Co-ops urged to devise new business policiesCooperatives should devise new business policies besides switching to production and job oriented activities instead of sticking to financial and distribution related businesses, stakeholders said.
Cooperatives should devise new business policies besides switching to production and job oriented activities instead of sticking to financial and distribution related businesses, stakeholders said.
Speaking at the second Cooperative Congress that kicked off in Kathmandu on Wednesday, they said that policy measures were needed to ensure transparency and accountability in cooperatives because the sector can play an effective role in mobilising resources at the local level.
More than 1,000 delegates from 22 countries are taking part in the two-day international conference jointly organised by the Ministry of Agriculture, Land Management and Cooperatives and the National Cooperative Federation (NCF). Inaugurating the event, Prime Minister KP Sharma Oli said the role of cooperatives in the country’s development had weakened because of some cooperatives violating disciplinary norms in their internal management system. “Failing to adopt good practices in the self-regulating community organisations can lead to adverse outcomes,” Oli said.
There are 34,512 primary cooperatives and 69 district cooperative associations across the country. According to the Department of Cooperatives, cooperatives hold Rs302.16 billion in deposits and contribute nearly 18 percent to the GDP.
Of the total number of cooperatives, more than 13,500 are savings and credit cooperatives, a majority of whom are based in urban areas. “The government has been mulling to devise policies to promote capital formation in rural areas,” Finance Minister Yubaraj Khatiwada said. “The government is ready to assist in the capacity building of cooperatives.”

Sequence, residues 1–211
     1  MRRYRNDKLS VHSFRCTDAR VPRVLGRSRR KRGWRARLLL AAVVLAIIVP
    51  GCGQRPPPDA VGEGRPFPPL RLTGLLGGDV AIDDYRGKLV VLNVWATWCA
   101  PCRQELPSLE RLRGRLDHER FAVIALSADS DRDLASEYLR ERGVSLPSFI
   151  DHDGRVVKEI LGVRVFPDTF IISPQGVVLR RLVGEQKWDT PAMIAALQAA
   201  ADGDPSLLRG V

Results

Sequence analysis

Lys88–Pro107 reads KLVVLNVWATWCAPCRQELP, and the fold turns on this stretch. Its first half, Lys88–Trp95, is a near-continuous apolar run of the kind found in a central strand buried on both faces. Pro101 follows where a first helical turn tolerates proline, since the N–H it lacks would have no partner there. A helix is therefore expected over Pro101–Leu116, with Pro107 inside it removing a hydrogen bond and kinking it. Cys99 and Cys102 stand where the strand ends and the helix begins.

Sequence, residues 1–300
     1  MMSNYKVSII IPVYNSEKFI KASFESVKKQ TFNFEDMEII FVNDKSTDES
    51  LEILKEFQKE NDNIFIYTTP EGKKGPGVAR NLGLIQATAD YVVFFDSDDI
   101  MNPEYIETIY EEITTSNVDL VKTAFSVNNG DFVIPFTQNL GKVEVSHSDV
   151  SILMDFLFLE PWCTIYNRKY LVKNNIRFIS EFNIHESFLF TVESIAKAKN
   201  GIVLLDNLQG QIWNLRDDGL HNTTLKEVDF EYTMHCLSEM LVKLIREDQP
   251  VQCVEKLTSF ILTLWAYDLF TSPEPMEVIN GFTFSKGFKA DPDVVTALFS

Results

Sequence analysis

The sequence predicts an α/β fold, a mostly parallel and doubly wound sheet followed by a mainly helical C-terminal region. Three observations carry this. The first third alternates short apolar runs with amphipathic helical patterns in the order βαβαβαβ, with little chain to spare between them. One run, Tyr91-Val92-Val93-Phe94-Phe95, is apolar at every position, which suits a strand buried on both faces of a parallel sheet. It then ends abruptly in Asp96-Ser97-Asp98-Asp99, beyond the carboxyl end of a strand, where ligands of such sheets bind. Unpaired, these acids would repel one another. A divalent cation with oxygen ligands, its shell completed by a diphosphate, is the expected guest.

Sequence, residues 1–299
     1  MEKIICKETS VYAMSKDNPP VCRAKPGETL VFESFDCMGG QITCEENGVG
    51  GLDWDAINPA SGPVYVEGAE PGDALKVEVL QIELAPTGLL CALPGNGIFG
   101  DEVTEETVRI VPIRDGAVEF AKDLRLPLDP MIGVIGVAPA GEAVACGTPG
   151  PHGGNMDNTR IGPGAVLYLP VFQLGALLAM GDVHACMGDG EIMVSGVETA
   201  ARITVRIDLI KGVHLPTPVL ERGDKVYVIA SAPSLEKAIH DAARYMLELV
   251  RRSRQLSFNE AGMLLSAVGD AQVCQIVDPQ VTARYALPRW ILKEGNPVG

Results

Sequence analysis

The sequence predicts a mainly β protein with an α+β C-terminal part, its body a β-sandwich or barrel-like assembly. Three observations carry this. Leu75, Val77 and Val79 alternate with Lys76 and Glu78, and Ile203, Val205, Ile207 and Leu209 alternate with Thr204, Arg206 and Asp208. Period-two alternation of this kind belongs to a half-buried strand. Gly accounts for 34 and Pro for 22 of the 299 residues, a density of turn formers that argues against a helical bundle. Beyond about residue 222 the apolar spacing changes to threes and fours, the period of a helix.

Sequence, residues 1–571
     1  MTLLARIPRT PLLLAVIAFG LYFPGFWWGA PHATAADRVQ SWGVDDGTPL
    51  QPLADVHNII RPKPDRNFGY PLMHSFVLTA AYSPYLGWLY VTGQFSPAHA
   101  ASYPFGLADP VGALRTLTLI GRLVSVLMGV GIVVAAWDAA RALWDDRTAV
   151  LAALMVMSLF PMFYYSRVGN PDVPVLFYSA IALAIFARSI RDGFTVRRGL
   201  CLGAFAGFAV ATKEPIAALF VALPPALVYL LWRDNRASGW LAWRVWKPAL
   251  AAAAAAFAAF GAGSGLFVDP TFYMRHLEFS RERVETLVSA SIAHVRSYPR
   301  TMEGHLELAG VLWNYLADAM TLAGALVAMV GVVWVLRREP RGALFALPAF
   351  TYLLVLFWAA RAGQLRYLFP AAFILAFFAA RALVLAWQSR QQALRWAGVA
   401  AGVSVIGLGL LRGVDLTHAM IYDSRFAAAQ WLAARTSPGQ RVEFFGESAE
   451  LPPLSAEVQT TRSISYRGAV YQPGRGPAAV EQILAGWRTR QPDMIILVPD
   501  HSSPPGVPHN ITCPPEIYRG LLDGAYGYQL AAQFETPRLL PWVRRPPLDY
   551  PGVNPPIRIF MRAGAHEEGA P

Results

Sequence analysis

Khatiwada said the government had planned to improve the quality of services by mobilising cooperatives. “The government is ready to implement policies to help cooperatives revise their institutional structures so that they can invest more funds in infrastructure, food security, airport construction and hydropower, among other sectors.”
Utilising local skills and remittance sent home by migrant workers, cooperatives can engage in poverty reduction and production and distribution of renewable energy sources, the finance minister said.
The Cooperative Congress has aimed to create a roadmap by identifying problems facing the sector to achieve the UN Sustainable Development Goals (SDGs), also known as the Global Goals, a universal call to action to end poverty.
UNDP Country Director Renaud Meyer said the UN had given priority to achieving the SDGs through cooperatives. According to Meyer, cooperatives can play a key role in socio-economic development at the community level. “The cooperatives business can contribute to gender equality, reduction in inequality, partnership, good governance, food security and poverty reduction, which are among the 17 key indicators of SDGs.”
As per the International Labour Organisation (ILO), there is a huge skill gap in Nepal’s labour market that has directly hit productivity and job creation. “Cooperatives can assist in achieving the desired economic growth through job creation at the grass roots level while eliminating the use of child labour and human trafficking,” ILO Country Director Richard Howard said.
The participants criticised cooperatives for failing to go into commercialisation, develop value chains and generate large investments. Kamala Bista, chairman of Kala Samaiji Cooperative, Dadeldhura, urged the government to amend the existing Cooperative Act that restricts large investments promoted by cooperatives and subsidise farm insurance to expand the cooperative business.